The other thing that I would say I’m proud of is that during COVID, we really became the community Chamber of Commerce in a lot of ways. We not only helped our members, but anybody who called, anybody who reached out, business owners, whether they were a member or not, we tried to help them.
How has Silver Spring evolved over the past 17 years of your tenure?
It has changed in so many ways. I arrived shortly after Silver Spring had sprung as a result of a focus campaign that was done back in the early 2000s or I guess the late ’90s-2000s to bring back the central business district. And in many ways, I think we’re continuing to spring a little bit.
Since I’ve been here, we’ve added a lot of amenities. [The Fillmore Silver Spring] — that was really exciting. We had to break the ground and help cut the ribbon for the grand opening of the Fillmore and that was awesome.
When I came … the Civic Building and Veterans Plaza, there was nothing there. There was gravel, and now this has come about, and now it comes alive on weekends with these amazing festivals and celebrations, and it just celebrates the wonderful diversity of Silver Spring in a way that I think is unique because of the different kinds of communities and the different kinds of festivals that come there.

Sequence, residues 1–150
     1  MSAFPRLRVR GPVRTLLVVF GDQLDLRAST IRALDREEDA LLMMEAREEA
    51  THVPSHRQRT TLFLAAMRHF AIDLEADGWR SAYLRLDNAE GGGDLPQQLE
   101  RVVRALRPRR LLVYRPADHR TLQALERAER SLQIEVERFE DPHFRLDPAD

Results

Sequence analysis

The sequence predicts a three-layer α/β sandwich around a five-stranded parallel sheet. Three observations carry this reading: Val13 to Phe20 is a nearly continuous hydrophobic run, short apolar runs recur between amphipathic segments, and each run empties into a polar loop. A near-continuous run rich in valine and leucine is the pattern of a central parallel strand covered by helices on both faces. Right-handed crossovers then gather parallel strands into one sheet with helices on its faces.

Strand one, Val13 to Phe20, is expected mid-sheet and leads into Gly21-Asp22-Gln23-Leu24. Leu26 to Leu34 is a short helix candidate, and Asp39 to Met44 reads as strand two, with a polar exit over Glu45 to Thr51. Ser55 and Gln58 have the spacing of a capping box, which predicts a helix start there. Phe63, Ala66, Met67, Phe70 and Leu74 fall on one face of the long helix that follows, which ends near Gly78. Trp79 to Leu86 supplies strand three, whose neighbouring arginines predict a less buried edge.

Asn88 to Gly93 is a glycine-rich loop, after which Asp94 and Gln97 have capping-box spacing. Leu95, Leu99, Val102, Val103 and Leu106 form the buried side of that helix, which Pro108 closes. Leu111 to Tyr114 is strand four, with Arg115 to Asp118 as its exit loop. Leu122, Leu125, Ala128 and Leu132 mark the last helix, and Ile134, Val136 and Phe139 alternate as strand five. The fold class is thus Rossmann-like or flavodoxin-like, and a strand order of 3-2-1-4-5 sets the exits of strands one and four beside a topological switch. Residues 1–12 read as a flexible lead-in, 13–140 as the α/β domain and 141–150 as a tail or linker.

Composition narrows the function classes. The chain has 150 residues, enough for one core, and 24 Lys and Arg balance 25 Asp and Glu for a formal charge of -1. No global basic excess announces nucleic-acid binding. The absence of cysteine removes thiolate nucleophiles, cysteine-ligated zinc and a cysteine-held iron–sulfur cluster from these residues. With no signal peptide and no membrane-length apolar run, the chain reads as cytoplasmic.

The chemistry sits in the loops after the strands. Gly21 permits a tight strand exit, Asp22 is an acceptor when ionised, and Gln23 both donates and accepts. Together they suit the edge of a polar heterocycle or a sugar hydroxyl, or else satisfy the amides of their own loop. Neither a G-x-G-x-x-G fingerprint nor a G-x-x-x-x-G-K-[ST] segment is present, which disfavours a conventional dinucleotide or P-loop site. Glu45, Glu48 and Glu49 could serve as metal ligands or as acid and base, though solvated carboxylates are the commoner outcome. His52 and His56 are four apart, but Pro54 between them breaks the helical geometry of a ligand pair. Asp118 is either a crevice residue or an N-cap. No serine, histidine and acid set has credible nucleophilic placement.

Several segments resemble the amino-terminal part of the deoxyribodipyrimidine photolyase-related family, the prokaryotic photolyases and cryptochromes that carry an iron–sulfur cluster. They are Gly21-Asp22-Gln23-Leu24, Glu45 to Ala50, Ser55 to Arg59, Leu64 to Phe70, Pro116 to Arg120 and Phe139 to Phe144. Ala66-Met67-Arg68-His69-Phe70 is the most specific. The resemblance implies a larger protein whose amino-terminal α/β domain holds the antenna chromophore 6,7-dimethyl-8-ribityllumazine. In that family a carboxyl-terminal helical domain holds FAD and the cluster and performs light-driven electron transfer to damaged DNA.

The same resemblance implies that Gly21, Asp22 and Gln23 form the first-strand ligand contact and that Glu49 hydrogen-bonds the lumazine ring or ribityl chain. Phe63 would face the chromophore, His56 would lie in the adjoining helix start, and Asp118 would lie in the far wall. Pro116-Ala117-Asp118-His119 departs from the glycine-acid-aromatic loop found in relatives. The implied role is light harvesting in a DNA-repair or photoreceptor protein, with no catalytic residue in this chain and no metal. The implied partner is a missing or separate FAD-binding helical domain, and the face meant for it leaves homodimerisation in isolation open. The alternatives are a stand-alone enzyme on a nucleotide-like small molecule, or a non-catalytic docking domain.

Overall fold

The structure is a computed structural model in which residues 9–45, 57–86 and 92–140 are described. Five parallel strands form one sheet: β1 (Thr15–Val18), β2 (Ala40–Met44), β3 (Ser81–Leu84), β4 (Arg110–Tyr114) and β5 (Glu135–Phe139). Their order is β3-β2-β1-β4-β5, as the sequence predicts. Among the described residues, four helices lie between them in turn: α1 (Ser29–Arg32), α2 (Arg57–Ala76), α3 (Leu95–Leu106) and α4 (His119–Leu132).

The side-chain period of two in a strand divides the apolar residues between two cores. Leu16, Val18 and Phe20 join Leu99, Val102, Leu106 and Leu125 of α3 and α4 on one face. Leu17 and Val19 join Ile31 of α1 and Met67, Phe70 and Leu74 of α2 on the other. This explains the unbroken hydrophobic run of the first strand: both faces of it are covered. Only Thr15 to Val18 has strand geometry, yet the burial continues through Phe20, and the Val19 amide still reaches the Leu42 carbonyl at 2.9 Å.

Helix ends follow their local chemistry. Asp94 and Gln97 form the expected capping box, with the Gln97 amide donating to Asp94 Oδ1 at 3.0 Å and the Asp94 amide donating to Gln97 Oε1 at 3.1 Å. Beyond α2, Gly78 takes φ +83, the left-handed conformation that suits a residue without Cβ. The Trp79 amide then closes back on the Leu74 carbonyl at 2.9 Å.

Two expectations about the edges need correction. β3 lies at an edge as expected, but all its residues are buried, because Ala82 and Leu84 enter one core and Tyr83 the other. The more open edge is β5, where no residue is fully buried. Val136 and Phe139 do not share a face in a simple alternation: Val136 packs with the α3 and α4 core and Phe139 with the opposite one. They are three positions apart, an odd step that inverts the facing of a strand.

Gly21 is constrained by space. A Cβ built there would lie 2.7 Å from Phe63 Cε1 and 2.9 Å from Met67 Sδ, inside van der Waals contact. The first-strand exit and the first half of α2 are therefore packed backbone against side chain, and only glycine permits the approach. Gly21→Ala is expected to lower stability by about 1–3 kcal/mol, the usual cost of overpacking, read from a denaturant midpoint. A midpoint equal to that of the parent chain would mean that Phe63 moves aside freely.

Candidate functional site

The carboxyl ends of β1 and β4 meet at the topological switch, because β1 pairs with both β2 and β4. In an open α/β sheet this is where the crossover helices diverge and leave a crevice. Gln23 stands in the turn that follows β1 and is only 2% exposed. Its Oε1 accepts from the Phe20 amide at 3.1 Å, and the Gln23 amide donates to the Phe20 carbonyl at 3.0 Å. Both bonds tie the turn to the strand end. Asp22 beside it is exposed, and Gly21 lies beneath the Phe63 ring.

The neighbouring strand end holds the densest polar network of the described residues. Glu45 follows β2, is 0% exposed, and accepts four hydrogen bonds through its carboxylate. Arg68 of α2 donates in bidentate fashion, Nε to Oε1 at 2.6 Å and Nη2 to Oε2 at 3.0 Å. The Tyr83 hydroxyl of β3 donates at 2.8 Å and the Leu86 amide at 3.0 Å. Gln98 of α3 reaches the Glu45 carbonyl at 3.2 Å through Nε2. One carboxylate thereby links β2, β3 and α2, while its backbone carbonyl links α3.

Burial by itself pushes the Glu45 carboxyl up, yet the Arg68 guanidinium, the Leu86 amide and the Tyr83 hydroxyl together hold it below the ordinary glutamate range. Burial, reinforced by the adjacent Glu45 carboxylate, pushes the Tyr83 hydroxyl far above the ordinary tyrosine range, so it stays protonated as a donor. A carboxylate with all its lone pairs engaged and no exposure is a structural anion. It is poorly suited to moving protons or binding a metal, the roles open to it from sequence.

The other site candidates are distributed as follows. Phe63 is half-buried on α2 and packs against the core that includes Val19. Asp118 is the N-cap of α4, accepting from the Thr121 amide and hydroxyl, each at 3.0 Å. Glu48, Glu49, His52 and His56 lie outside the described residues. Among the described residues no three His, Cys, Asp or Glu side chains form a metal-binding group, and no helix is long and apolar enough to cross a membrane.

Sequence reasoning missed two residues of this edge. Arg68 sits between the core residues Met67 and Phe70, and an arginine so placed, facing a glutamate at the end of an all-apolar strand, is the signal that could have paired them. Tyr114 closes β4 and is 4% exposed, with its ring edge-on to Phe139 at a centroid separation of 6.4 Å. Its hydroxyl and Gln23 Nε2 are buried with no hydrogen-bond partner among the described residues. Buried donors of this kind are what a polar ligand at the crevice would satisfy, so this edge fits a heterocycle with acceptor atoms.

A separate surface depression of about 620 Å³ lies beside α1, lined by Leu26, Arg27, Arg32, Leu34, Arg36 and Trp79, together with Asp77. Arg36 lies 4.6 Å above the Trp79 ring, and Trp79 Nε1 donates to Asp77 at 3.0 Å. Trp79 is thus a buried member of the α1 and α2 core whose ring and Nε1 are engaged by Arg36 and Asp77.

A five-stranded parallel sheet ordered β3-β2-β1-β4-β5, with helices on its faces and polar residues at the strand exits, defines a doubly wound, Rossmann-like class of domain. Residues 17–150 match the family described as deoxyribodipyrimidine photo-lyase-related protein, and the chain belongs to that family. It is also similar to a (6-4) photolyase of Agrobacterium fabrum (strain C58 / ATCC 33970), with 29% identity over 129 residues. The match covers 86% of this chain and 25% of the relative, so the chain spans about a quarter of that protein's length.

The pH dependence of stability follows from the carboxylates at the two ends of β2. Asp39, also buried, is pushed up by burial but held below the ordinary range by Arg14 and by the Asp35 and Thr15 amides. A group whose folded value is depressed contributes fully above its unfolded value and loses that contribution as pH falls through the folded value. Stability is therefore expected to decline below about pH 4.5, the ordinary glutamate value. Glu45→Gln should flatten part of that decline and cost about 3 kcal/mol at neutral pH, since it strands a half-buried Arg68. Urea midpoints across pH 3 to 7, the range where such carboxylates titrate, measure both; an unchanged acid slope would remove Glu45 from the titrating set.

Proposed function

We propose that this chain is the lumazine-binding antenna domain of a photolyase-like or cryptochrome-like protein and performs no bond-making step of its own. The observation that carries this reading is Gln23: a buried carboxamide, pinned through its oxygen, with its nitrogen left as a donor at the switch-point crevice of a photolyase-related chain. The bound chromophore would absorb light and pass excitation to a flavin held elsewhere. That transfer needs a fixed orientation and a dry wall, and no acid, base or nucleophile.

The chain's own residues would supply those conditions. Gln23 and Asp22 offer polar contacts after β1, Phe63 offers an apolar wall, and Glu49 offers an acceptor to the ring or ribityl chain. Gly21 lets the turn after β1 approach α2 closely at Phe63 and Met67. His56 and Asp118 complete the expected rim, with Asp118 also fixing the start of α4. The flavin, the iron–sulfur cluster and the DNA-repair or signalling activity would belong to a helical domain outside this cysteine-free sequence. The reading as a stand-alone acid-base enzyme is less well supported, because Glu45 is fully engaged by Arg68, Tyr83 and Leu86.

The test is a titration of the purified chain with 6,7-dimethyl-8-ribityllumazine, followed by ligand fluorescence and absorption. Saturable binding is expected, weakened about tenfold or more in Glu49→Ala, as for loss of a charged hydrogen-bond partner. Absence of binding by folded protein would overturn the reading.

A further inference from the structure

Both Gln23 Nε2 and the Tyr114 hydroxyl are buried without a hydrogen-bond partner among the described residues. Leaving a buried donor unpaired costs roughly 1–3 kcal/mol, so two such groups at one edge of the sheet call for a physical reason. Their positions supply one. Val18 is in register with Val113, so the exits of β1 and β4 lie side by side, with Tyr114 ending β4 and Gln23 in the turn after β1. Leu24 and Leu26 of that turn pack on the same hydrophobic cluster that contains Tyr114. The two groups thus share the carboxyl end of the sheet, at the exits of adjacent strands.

We have a new library with an interesting place underneath it for the [under-construction light-rail] Purple Line to come through. When I when I first arrived, the Purple Line was an idea, it was kind of a campaign promise for some of our elected officials’ hopefuls … it’s taken a long time but it’s wonderful to finally see it being built. And at least we can see the end of the line now, I guess if you will. So that’s kind of hopeful.
The Silver Spring transit center is new. [We have] three breweries and a winery now that the laws changed in the state and we helped advocate for that so that we could have local breweries and they could sell their beer [locally] and just create a whole new kind of business that could be in Silver Spring. Likewise with the wineries.
We’re getting a new aquatic center, so those are kind of the things that have changed.
Unfortunately, we still struggle with the county and Silver Spring’s somewhat precarious reputation of not always being so welcoming to business. And that’s why we need to continue to advocate strongly. That’s why we do what we do at the chamber.
We need our elected officials to make sure they understand the effect that some of their policy decisions will have on business and whether or not there needs to be a balance. And I think sometimes that the balance doesn’t always lean toward helping businesses thrive and move forward.
And so that’s where the chamber comes in again, because … I really believe that a strong business community is critical to the health of the overall community.
[Silver Spring’s] grown, it’s changed, and it’s become much more diverse as well since I’ve been here. It’s become exciting. There’s a lot to do in Silver Spring.